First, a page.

Though tearing through her most recent collection of songs, My Woman, with her electric live band was chief on her mind, Angel Olsen did allude to other distracting thoughts mid-set. Between songs, she commented that the crowd looked particularly attractive, even wondering if we’d all been working out. But to say Olsen needed to flatter the audience to be captivated by her band and her powerful, piercing voice would be disingenuous. “Sister” is the kind of spindly, Wilco-esque guitar-powered hit that’ll be echoing across festival grounds for years to come. – Lee Bedrouni

Iggy Pop

Photo by Lee Bedrouni

If anyone knows how to open a festival set, it’s Iggy Pop. In fact, more acts should borrow a page from his book. The living legend and his iconic torso were a must-see on many an attendee’s wishlist across all tastes and demographics, as they damn well should be. However, the tricky part of festivals like FYF is everyone has somewhere to be and can’t catch every moment of every set. Nevertheless, that opening run from “I Wanna Be Your Dog” to “Gimme Danger” to “The Passenger” to “Lust for Life” gave everyone one hell of a crash course in his legacy. Although it was only a third of the set, this writer (and everyone else going to Blonde Redhead) gained an experience with the punk godfather that we’ll always remember. – Frank Mojica

Run the Jewels

Photo by Natalie Somekh

Run the Jewels play every festival so frequently that they might as well be given the skeleton key equivalent of artist wristbands. Yet, somehow I’ve missed them every time. Two years ago, I went to the Green Man Festival in Wales, which was lamentably the same weekend as FYF. Last year’s Coachella set was at the same time as Lush’s first (and final) reunion tour after 20 years away, so no contest. And their Day for Night showing was during a one-off set from Aphex Twin.This year I slowly, but surely, limped my way all the way from the Club to the Lawn, determined to break my Run the Jewels curse.

Thankfully I never gave in to the temptation to just stay off my severely blistered feet for a while or go home early, because Killer Mike and El-P delivered everything I expected, and then some. Favoring last year’s third album, Run the Jewels stormed through some of the best hip hop of the last few years, with special appearances by Gangsta Boo and Joi. And like true class acts, they made a point of telling the raging crowd mid-set to step back and give the women in attendance some space. – Frank Mojica

Ty Segall

Photo by Natalie Somekh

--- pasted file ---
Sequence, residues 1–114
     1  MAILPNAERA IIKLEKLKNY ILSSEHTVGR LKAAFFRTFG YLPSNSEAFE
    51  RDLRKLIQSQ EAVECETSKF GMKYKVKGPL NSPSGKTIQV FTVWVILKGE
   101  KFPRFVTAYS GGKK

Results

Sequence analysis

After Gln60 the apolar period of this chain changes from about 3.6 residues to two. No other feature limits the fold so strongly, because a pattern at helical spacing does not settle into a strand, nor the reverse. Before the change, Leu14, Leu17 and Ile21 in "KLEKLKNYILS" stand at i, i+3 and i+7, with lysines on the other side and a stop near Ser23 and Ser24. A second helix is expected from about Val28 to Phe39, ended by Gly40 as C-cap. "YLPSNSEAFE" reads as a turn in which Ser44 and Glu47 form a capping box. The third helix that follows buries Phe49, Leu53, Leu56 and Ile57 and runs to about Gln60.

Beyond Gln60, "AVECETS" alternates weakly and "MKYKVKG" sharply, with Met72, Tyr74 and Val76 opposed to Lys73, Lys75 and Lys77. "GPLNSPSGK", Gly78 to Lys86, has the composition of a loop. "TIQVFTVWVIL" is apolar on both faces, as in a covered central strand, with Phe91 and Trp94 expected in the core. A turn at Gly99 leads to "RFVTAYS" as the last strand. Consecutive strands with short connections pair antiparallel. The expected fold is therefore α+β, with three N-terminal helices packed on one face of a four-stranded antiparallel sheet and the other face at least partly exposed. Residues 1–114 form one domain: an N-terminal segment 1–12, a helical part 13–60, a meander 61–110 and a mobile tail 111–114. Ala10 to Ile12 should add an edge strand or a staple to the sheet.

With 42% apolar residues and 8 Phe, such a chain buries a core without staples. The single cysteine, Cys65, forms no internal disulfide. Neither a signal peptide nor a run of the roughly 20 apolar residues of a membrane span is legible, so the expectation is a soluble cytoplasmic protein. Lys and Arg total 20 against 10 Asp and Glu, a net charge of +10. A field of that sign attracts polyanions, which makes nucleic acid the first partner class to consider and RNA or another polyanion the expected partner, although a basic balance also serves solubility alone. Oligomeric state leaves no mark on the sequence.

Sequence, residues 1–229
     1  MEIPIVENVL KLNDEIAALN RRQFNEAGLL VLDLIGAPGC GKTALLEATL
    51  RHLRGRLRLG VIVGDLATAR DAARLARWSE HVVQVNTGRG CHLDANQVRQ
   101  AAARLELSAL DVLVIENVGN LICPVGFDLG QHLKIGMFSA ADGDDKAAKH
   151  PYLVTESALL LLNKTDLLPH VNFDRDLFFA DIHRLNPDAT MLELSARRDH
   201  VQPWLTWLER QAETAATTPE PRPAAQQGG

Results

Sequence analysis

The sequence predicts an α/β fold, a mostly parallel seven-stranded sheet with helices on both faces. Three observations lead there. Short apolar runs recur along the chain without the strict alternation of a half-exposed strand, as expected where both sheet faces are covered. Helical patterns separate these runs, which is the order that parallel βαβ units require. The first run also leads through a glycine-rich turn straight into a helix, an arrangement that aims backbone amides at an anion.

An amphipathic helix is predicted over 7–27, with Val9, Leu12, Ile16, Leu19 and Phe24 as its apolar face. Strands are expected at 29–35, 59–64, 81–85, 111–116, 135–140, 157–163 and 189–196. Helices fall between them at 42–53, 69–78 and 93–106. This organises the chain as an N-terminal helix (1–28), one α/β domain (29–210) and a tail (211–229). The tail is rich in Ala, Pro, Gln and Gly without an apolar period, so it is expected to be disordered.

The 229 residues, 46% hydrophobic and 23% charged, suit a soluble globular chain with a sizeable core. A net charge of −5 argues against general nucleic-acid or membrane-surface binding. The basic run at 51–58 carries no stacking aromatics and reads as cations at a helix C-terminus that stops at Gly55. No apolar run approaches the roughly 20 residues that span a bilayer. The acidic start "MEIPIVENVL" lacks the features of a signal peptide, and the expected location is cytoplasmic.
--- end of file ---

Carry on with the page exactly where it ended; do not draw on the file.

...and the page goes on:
Ty Segall has become a legend in Los Angeles and in the garage rock and thrasher hall of fame. How do you attest to his heaviness? Well, none other than Henry Rollins himself was side stage watching the set with what can only be described as a pleasant smirk. That alone should place Ty Segall’s set at the top of the list for best moments of FYF this year. Oh, also, Ty brought his trademark scuzz to an adoring crowd that loved every minute of it. Decked out in a floral outfit that would make just about anyone jealous, the prolific rocker proves a must see and must hear for an eager crowd.

Solange

Photo by Natalie Somekh

As in her captivating recent Pitchfork Fest set, Solange has developed and choreographed a live set befitting her status as a modern day musical touchstone. Running through the majority of her 2017 opus A Seat At The Table, Solange and her accompanying backing band (framed almost exclusively in red, from lighting to backdrop to wardrobe, signifying power and unity) were utterly on point. Between moments like a full brass band joining on stage to amplify the anthemic “F.U.B.U.”  or Solange twerking on center-stage mid-song, Solange’s live set is quietly becoming a can’t miss amid the 2017 festival circuit. – Lee Bedrouni

A Tribe Called Quest


Photo by Katherine Wilburn from Pitchfork Music Festival 2017

As unfortunate as it is to see the legendary hip-hop group get its proper due amid the thousands in rapturous attendance at FYF Fest in the least desirable of circumstances, one could see that this is probably how the late Pfife Dawg would have wanted it. With Tribe effectively bowing out at their modern peak, as We Got It From Here… served as the kind of critically acclaimed book-end that all musicians aspire to. It was awe-inspiring to see even the newest songs receive so much love from the crowd in attendance, who sung along to set closer “We The People” just as loudly as any other ATCQ classic joint. This “funeral” for the seminal group’s work was a celebration of it and one hell of a party at that. Having the fortune to witness Tribe perform these songs one more time? All I can say is Q-Tip, Ali Shaheed Muhammed, A Tribe Called Quest, thank YOU for your service. – Lee Bedrouni

And you can’t forget…

Mac DeMarco

Photo by Natalie Somekh

It wouldn’t be FYF without Mac DeMarco. Rumor has it (or it’s just a well accepted fact at this point) that Mac is invited to play FYF whenever he feels like it, which has been quite a few times so far. Even if he’s not officially on the lineup release until later, you know he’s as big a part of FYF as Vans, dad hats, and the best weekend of summer. Don’t ever miss the chance to watch the Mac attack.